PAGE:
"Organizations like USA Swimming have long been in a position to deter, detect, and discipline sexual abuse and have done little or nothing to do such in an effort to protect their public image," Smith said in her statement. USA Swimming declined to comment on details of the suit at the time, releasing a statement saying they "respect Ariana Kukors' bravery in stepping forward and sharing her story." The two parties eventually settled the suit in 2020 under confidential terms.

Did USA Swimming bury sexual assault allegations?

Six women sued USA Swimming in 2020, alleging the organization covered up decades of sexual abuse at the hands of its coaches. Debra Grodensky, Suzette Moran, Tracy Palmero, as well as three other unidentified women claimed they endured sexual abuse and harassment dating back to the '80s. Named in the suits were former U.S. Olympic coach Mitch Ivey, former U.S. national team director Everett Uchiyama, and former coach Andrew King.

In her lawsuit, Grodensky said she became a victim of assault at just 12 years old, further alleging that King had sex with her against her will when she was 15 years old and later asked her to marry him. Due to the intensity of the situation, Grodensky was forced to quit the sport she once loved. Palmero accused Uchiyama of grooming her at 14 and sexually assaulting her at 16 years old, saying he "took away [her] dreams" of a normal life as a teenager.

Moran was 16 years old when she said she was sexually assaulted by Mitch Ivey, and claims that USA Swimming was well aware of his advances. The former athlete also claimed that Ivey impregnated her at 17 years old, allegedly telling her "it was her problem to deal with." She underwent an abortion and was forced to stop training ahead of the 1984 Olympic Games. Uchiyama, King, and Ivey were all banned for life from all Olympic sports, while King is serving a 40-year prison sentence for child molestation.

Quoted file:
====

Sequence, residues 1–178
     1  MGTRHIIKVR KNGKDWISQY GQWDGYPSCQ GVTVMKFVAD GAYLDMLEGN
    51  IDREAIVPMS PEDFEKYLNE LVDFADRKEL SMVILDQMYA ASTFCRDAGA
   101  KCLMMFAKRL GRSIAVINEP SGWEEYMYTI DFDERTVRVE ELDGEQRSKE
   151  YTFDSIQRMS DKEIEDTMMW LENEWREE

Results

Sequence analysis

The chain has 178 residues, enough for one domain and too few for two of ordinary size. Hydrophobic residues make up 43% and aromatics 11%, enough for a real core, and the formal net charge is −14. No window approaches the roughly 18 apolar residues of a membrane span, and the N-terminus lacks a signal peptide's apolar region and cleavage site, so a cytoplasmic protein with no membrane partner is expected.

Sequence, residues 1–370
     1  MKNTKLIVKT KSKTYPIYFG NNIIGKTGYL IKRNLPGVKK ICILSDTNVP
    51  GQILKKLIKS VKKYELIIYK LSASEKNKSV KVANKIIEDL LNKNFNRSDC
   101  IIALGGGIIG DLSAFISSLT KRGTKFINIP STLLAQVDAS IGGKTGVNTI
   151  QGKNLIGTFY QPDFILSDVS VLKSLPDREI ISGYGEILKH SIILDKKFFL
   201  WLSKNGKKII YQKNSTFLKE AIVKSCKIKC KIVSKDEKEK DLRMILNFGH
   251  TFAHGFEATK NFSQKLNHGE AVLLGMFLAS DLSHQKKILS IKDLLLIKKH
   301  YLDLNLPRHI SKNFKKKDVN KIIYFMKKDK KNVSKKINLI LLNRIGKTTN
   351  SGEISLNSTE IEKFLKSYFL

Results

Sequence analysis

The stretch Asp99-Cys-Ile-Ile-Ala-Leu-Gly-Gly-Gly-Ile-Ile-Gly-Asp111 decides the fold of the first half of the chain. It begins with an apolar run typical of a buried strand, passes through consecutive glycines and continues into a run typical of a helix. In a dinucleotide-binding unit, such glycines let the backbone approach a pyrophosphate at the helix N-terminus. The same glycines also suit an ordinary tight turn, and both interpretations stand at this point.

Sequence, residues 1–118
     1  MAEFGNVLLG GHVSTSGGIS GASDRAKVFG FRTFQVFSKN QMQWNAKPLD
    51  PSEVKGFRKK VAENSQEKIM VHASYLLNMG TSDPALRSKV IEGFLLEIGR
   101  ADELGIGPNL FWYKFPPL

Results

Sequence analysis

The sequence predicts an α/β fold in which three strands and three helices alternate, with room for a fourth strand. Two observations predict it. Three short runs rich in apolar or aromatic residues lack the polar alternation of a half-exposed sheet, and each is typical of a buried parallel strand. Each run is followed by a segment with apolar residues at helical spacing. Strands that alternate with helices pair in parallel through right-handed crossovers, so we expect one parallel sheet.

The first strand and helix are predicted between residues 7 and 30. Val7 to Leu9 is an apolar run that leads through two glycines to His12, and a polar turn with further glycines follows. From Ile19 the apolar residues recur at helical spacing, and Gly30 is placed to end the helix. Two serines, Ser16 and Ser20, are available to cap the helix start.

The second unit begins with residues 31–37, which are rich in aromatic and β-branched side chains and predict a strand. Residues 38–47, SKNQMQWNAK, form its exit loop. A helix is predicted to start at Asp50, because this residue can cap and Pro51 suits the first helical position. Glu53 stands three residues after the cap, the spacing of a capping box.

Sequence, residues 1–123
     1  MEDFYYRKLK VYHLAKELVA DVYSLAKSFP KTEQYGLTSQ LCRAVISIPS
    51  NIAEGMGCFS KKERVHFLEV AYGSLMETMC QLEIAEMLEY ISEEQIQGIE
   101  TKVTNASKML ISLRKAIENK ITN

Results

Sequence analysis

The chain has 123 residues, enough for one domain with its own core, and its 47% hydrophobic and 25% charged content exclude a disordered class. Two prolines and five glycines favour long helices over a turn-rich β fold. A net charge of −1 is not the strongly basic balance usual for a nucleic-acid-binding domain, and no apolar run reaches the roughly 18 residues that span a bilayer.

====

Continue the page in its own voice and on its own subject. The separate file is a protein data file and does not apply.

Coach Nathan Bernier solicited a minor online

A former Texas swim coach made headlines in 2024 for soliciting a minor online, even using his status as a coach of over 20 years to offer her swim lessons in the process. In late 2023, an undercover agent posed as a 14-year-old girl on the messaging application AntiLand, ultimately uncovering Houston native Nathan Bernier's attempt to solicit a minor for sexual favors. According to an affidavit obtained by Your Basin, Bernier went by "Nate" on the messaging app, and reportedly replied to the agent saying, "Honestly, age doesn't make a bit of difference to me at all, I actually enjoy chatting with people your age."

After exchanging phone numbers, Bernier sent multiple illicit photographs to the undercover agent. The former swim coach made plans to meet up with who he thought to be the underage girl, suggesting the two meet at a hotel with a pool for swimming lessons. Investigators later issued a warrant for Bernier's arrest for online solicitation of a minor, booking him in December 2023. He was later released after posting a $50,000 bond and has since been issued a lifetime ban by USA Swimming.